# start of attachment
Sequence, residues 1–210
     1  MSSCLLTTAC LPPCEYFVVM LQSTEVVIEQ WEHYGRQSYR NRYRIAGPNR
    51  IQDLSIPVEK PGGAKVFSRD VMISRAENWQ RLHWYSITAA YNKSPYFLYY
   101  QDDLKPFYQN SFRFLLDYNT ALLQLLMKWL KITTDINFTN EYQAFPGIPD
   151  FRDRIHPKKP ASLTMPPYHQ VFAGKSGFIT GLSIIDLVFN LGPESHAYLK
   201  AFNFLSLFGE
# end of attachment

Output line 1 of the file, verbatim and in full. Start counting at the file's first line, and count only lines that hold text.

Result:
Sequence, residues 1–210